# Introduction to Hypothesis Testing

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Introduction to Hypothesis Testing
Chapter 11 Introduction to Hypothesis Testing

Introduction The purpose of hypothesis testing is to determine whether there is enough statistical evidence supporting a certain belief about a parameter. Examples Is there statistical evidence in a random sample of potential customers, that support the hypothesis that more than p% of all potential customers will purchase a new products? Is the hypothesis that a certain drug is effective supported by the level of improvement in patients’ conditions after treated with the drug, compared with this of another group of patients who were given a placebo?

11.1 Concepts of Hypothesis Testing
Two hypotheses are defined. H0: The null hypothesis. Under this hypothesis we specify our current belief about the parameter we test. (m = 170, p = .4, etc.) H1: The alternative hypothesis. Under this hypothesis we specify a range of values for the parameter tested (m > 170; p ¹ .4; etc.) effected by some action taken. This is the hypothesis we try to prove!

Concepts of Hypothesis Testing
The two hypotheses are stated, and a test is run to determine whether a sample statistic supports the rejection of H0 in favor of H1. H0: m = 170 H1: m > 170

The Concept of Hypothesis Testing
Let’s assume H0 is true: m = 170 A sample is drawn. Assume the sample mean = 180. If we have little incentive to believe m > 170 because and m are relatively close. m = 170

The Concept of Hypothesis Testing
Let’s assume H0 is true: m = 170 A sample is drawn. Now assume the sample mean = 250. If we have much more incentive to believe m > 170 because falls far above m. The question is: How far is far? Is 250 sufficiently larger than 170 for us to believe that m > 170? Click. m = 170

The Concept of Hypothesis Testing
Let’s assume H0 is true: m = 170 You may want to think about it as follows. Click: This is the probability that when m > 170 With m = 170… click If m were greater than 170… click This is the probability that when m = 170 m = 170 m > 170 As you can see it becomes more likely that when m > 170

The Concept of Hypothesis Testing
We’ll look next at the probability that as a tool to help decide whether we should reject H0. This idea will be further discussed (with a somewhat more computational flavor) as example 1 is presented next. Pay attention!

11.2 Testing the Population Mean when the Population Standard Deviation is Known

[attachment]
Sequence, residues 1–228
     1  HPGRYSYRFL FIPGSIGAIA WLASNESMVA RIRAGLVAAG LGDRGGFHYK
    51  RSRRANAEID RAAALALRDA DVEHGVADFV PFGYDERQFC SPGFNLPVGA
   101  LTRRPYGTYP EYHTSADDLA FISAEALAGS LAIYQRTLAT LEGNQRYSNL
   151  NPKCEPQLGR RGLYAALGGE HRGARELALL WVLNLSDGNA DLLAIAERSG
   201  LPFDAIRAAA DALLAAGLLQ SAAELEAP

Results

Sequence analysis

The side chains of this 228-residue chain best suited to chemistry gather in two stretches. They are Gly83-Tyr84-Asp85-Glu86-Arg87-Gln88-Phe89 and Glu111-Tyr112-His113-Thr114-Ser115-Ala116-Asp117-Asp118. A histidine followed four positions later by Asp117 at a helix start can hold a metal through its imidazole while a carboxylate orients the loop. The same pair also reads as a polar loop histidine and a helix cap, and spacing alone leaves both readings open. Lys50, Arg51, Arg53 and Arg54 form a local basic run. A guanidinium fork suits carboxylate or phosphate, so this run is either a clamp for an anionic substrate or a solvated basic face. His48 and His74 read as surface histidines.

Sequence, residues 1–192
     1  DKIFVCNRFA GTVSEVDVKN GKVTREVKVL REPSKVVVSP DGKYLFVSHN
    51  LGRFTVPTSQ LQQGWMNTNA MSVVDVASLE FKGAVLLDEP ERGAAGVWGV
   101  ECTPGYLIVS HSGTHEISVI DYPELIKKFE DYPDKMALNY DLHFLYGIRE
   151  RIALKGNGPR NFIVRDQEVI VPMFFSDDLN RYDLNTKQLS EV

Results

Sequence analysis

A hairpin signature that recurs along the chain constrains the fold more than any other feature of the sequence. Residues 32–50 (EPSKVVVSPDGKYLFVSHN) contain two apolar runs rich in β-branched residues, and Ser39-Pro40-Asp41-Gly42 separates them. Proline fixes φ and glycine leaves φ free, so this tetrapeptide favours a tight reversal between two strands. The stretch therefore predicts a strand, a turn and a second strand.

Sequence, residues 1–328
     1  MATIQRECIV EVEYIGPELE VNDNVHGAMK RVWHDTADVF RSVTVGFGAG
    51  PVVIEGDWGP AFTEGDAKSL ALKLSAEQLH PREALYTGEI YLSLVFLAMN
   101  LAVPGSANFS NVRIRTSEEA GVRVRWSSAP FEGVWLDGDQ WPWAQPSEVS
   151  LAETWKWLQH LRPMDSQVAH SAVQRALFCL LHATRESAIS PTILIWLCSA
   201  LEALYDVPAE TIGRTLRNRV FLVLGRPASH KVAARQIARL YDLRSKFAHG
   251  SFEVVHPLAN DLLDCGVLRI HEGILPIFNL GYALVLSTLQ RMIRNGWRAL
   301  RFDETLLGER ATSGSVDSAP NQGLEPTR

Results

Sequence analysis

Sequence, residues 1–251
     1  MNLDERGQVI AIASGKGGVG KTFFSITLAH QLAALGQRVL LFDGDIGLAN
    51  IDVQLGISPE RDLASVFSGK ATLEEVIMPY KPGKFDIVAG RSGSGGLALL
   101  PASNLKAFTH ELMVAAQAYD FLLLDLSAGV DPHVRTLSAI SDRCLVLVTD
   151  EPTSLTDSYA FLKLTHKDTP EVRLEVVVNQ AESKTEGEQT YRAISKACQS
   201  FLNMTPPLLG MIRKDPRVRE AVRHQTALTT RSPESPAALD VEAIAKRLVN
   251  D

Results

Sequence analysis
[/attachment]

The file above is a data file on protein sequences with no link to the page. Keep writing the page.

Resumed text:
Example 1: Department Store new Billing System A new billing system for a department store will be cost- effective only if the mean monthly account is more than \$170. A sample of 400 accounts has a mean of \$178. If the accounts are approximately normally distributed with s = \$65, can we conclude that the new system will be cost effective? (can we conclude from the sample result that the accounts population mean is greater than 170?)

Testing the Population Mean (s is Known)
Example 1 - Solution The population of interest is the credit accounts at the store. We want to show that the mean account for all customers is greater than \$170. This is what you want to prove H1 : m > 170 The null hypothesis must specify the values of the parameter m, not included in H1 H0 : m £ 170

Testing the Population Mean (s is Known)
To better understand the hypotheses testing concept let us ask the following question: If H0 is true (m = 170) how likely is it a sample of 400 accounts have a sample mean at least as large as 178? Answer: By the central limit theorem To illustrate, by sheer chance, out of samples of 400 accounts each only 69 samples will have a sample mean of 178 or more, if indeed m = 170. It seems there must be another reason (rather than just “chance”) why the event has occurred. Click. Most likely m > 170, which explains better why That is, H0 should be rejected in favor of H1

Types of Errors Testing the hypotheses, two types of errors may occur when deciding whether to reject H0 based on the sample result. Type I error: Reject H0 when it is true. Type II error: Do not reject H0 when it is false.

Types I and Type II Errors in Example 1